Megan Dunn elected next NUS president

By Émer O’Toole, News Editor

The National Union of Students (NUS) elected Megan Dunn, current vice-president for higher education, as the president of the organisation on Wednesday.

The 24-year-old defeated her only opponent, Beth Redmond- a “revolutionary socialist feminist” at the NUS annual conference by 413 votes to 202. 79 delegates voted to re-open nominations.

Dunn will succeed Toni Pearce later this year.

Dunn’s proposals included more student engagement, further education funding and what she describes as “the cost of living crisis” facing students.

Addressing the conference in Liverpool on Wednesday, Dunn spoke about student inclusion:

“We must stop treating our members as if one size fits all. We need to get better at not only expecting our liberation campaigns to be having difficult conversations because campuses are actually the best places to have these.”


Megan Dunn

The politics and international relations Master’s graduate and former president of Aberdeen University Students’ Association, stood as an independent but was expected to gain the support of the powerful Labour Students group.

Dunn said: “We should have a conversation about what this movement means to us because if I don’t how can you trust me to change students’ lives?

Sometimes making change involves shouting from the rooftops but sometimes we need to just get down off our soapboxes and do the work.

I want to put more effort into supporting campus unions, and transforming our national movement to support the work that you do… the NUS should be a movement that supports local voices and represents them nationally.”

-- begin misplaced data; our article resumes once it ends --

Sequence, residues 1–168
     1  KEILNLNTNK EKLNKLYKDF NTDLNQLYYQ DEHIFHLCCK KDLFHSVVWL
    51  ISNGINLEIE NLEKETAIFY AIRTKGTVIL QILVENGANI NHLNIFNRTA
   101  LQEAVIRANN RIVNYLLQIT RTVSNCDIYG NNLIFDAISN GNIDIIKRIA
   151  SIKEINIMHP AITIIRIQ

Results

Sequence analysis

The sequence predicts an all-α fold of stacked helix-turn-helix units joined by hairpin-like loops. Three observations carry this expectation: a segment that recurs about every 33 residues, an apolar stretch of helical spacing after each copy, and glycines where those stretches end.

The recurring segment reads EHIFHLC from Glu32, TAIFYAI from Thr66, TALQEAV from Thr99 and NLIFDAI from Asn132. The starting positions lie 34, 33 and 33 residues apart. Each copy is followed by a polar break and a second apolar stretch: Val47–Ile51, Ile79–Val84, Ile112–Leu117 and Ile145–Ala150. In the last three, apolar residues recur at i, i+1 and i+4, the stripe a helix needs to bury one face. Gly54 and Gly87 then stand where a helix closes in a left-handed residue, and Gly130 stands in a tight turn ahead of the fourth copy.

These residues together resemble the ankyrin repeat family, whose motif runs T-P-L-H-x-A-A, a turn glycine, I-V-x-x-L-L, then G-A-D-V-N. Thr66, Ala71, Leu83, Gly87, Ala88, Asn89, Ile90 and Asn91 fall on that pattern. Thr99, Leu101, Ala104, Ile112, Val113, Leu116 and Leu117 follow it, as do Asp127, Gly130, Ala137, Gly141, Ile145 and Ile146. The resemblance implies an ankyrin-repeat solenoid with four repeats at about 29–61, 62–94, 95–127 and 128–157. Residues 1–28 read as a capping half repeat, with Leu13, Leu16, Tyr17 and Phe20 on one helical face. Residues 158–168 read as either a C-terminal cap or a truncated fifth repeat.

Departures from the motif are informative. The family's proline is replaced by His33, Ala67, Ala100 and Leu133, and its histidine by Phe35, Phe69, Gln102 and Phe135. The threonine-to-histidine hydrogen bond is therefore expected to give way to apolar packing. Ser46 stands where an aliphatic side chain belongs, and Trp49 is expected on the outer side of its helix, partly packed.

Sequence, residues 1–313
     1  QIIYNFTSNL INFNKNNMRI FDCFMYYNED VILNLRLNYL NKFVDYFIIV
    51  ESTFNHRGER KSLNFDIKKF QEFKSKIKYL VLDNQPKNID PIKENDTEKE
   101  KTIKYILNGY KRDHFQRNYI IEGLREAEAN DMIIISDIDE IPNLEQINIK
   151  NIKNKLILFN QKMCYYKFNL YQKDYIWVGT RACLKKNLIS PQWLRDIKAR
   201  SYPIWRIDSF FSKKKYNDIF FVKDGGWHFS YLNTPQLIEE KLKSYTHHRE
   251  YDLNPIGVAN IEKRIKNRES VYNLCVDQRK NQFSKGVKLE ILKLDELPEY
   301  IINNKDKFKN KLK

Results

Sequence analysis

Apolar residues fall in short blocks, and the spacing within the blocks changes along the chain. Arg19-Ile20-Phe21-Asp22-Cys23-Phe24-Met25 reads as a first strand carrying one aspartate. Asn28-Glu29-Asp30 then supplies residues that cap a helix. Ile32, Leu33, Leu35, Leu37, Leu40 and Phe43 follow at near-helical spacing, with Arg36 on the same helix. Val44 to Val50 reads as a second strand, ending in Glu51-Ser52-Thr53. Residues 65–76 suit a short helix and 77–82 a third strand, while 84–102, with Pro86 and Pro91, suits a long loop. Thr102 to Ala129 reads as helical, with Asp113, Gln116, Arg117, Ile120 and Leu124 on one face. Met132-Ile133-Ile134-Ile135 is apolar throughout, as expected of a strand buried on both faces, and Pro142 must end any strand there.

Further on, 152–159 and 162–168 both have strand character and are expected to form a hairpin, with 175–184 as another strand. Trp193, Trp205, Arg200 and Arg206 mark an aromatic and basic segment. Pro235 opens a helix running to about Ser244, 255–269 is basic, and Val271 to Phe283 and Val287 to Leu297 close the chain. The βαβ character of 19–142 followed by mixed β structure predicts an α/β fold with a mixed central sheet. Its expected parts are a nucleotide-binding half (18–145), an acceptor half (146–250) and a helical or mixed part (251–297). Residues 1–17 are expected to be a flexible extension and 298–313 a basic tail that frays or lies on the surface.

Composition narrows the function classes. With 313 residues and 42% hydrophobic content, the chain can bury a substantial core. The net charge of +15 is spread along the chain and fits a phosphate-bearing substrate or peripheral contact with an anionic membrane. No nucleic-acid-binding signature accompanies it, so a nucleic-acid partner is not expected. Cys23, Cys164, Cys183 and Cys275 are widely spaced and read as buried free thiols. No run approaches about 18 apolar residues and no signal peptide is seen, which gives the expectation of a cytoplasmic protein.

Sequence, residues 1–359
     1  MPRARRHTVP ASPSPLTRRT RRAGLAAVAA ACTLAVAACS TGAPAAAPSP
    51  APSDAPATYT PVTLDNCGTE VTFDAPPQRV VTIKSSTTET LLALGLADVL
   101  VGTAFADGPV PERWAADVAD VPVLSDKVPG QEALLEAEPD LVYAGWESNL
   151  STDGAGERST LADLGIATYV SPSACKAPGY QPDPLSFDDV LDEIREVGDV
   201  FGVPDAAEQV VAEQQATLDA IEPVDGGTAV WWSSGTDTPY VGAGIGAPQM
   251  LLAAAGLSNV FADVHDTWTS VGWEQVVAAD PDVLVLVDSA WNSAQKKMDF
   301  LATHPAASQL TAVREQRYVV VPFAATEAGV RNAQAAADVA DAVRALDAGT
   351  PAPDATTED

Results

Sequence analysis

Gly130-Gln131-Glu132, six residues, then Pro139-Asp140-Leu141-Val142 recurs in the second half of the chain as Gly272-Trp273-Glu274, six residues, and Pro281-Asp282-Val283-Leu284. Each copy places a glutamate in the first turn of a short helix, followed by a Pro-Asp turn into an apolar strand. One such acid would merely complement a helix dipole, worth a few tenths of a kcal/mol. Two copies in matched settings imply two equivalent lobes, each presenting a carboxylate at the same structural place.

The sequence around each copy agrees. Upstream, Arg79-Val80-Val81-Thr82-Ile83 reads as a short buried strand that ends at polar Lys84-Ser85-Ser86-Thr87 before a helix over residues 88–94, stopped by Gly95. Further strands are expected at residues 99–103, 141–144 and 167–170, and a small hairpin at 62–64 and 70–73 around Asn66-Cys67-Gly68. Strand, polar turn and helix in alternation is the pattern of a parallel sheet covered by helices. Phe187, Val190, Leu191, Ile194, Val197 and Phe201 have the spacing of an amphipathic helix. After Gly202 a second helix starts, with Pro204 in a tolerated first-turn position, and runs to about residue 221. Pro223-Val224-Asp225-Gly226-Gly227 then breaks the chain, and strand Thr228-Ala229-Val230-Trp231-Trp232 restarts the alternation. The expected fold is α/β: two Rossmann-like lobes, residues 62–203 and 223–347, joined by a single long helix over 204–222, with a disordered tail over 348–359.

This differed from Redmond’s approach, who was backed by the National Campaign Against Fees and Cuts.

Redmond, 22, spoke of her support for occupation movements at UK universities, and said that she wanted an NUS that fought for an end to austerity as opposed to one that “sleepwalks while attacks are raining down.”

Leon French, a Conservative Party member and final year student at Hull University, took himself out of the running prior to the election.

French criticised the NUS’ “Liar Liar” campaign aimed at unseating 38 MPs who broke a pledge made before the last election to stop tuition fee rises.

He said there was “no point” trying to gain votes when “they’ve already decided.” Almost all of the MPs targeted in the campaign were Liberal Democrats.

Sorana Vieru, currently the Postgraduate Education Officer at Bristol University’s Students’ Union, was elected Vice President for Higher Education.

She won against Poppy Wilkinson, president of the University of Birmingham’s Guild of Students’ and Hattie Craig, a veteran of three campus occupations at Birmingham.

Vieru, a former Birmingham student, encouraged delegates to elect a Romanian immigrant “just to wind up Nigel Farage.”

However, she also put support for “marginalised groups” such as ethnic minorities and women at the forefront of her speech, and urged delegates to vote for “an education system that doesn’t work against students.”

Shakira Martin, president of Lewisham Southwark College was elected VP for Further Education, beating opponents Amy Smith of Sheffield College Students’ Union and Craig Clements, President of Leeds City College Students’ Union.

Shelly Asquith, president of University of the Arts London Students’ Union, was elected VP for Welfare, defeating Cat Turhan, president of Warwick Students’ Union.

Richard Brooks was elected VP for Union Development, running against Abdi Suleiman.

Brooks received a standing ovation at the end of his speech for calling the NUS a “pantomime” and saying “it’s all so bloody distant from what our students back at home want us to think.”

Piers Telemarque was re-elected VP of Societies and Citizenship, beating opponent Dario Celarchi.